Uber (NYSE:UBER) is warning its customers in California that if an appeals court doesn't issue a motion to stay implementation of a state law classifying drivers as employees, the ridesharing company will suspend all service in the state Thursday night.
In a blog post on its website, Uber told customers it was an eventuality they should plan for, but also encouraged them to support a bill on the November ballot that would correct the problems of the current law.
A better business model
While Uber is contemplating changing to a franchise-like model in California, the ride-hailing app is not certain that would be feasible in the state. But regardless, it would take more time to implement than Uber or rival Lyft (NASDAQ:LYFT) have under the state attorney general's deadline.
They have until midnight tonight, Aug. 20, to comply with California law AB 5 that requires gig workers be classified as employees instead of as contractors, which would entitle them to benefits and would significantly raise costs for the companies.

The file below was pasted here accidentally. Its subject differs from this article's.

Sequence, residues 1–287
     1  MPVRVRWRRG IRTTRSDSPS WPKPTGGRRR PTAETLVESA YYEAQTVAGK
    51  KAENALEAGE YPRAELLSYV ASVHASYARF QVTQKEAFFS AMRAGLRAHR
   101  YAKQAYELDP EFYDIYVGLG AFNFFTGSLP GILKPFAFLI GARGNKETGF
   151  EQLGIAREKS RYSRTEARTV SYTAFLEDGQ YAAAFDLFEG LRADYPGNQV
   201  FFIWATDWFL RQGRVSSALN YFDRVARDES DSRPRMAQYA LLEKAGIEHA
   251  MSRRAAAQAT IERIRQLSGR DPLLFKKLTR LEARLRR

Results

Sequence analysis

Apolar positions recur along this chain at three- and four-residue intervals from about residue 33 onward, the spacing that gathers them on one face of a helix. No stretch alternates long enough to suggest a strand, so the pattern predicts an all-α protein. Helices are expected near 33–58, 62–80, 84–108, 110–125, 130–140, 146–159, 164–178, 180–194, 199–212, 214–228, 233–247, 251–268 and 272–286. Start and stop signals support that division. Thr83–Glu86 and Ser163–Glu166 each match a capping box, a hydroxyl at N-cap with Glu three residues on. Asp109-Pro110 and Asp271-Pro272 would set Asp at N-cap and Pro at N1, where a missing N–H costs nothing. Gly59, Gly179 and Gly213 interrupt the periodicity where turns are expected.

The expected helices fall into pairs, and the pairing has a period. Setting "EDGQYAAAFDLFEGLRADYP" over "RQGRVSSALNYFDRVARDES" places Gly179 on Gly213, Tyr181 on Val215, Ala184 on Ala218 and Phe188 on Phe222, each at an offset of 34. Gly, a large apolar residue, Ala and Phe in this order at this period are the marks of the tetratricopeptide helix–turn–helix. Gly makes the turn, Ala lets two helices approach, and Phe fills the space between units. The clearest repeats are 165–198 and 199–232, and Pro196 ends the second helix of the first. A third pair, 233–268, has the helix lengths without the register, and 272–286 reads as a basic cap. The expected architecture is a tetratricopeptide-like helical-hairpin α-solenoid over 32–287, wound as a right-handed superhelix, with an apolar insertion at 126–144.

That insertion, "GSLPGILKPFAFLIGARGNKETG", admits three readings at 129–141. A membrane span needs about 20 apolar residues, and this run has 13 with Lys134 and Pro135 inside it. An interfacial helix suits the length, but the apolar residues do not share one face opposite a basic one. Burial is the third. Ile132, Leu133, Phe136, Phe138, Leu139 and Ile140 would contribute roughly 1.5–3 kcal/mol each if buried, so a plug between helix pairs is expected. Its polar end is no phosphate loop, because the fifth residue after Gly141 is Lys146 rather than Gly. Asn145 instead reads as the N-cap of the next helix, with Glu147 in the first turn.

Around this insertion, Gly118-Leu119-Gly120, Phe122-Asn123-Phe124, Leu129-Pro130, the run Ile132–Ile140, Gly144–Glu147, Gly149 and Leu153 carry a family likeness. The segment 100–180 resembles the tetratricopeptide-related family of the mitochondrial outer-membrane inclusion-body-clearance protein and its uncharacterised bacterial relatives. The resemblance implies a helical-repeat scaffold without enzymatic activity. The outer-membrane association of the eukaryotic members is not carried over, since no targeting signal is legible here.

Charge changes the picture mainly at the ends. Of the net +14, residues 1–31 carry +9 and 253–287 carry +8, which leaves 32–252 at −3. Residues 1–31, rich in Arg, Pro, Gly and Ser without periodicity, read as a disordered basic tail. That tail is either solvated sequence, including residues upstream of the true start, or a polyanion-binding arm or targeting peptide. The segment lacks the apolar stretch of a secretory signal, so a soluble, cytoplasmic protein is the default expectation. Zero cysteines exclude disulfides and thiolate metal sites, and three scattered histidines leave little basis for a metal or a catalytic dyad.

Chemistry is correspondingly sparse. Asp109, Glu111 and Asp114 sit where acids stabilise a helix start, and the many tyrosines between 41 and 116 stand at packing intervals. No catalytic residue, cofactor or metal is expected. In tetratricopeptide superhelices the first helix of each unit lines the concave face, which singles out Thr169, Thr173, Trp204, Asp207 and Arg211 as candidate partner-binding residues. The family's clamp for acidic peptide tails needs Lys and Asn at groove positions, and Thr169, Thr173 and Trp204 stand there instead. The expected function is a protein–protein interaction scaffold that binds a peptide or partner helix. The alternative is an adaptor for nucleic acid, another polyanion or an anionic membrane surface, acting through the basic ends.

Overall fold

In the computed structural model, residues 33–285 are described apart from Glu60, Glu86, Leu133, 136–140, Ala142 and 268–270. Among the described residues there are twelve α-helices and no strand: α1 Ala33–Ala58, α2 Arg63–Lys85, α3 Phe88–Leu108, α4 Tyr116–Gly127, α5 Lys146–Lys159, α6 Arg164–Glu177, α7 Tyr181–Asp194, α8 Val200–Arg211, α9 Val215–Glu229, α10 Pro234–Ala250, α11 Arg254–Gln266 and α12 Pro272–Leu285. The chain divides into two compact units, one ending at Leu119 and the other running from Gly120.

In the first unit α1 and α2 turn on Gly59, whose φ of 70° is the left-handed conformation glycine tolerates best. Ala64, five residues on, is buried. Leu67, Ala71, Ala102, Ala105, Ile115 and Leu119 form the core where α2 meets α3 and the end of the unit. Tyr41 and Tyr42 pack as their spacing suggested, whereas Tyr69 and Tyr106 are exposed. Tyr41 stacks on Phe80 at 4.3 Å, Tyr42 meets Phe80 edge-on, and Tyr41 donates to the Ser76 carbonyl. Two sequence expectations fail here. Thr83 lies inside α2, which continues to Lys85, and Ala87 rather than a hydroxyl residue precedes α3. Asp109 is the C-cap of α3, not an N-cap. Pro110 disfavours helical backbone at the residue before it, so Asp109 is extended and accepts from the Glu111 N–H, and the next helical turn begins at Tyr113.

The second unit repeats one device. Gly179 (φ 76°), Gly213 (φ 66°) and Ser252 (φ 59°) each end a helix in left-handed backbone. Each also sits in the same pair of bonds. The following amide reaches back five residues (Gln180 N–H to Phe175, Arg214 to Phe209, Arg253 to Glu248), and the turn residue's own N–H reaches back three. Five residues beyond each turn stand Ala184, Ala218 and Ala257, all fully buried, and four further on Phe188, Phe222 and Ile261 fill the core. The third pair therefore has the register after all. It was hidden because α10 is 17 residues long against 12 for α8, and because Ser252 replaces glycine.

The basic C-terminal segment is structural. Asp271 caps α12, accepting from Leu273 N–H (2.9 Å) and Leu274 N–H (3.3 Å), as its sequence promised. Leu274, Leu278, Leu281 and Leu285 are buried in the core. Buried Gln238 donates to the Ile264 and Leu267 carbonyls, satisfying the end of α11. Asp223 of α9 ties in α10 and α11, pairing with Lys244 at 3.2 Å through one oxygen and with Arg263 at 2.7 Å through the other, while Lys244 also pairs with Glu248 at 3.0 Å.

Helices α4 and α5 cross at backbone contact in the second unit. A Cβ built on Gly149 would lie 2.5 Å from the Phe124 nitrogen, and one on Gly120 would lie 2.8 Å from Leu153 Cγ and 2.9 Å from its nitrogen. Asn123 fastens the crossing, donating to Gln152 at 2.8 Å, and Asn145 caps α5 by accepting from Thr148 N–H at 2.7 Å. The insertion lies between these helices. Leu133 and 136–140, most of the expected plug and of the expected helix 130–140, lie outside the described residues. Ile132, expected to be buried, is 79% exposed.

Analysts estimate Uber would see costs rise by approximately $500 million annually and Lyft some $290 million annually.
Uber's blog post told its app users: "We know that riders rely on Uber to get around, and drivers rely on the Uber app to earn income. We wanted to let you know that [service suspension] is a possibility, so you can plan accordingly."
It also asked customers to support Proposition 22 in November, which would let companies that hire gig workers to pay into a pooled benefits fund as a way to provide healthcare and other benefits to drivers.
California accounts for around 9% of Uber's total revenue and as much as 16% for Lyft.